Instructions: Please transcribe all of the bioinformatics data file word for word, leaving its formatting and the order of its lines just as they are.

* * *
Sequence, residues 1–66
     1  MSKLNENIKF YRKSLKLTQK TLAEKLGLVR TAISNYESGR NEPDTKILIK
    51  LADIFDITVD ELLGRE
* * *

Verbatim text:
Sequence, residues 1–66
     1  MSKLNENIKF YRKSLKLTQK TLAEKLGLVR TAISNYESGR NEPDTKILIK
    51  LADIFDITVD ELLGRE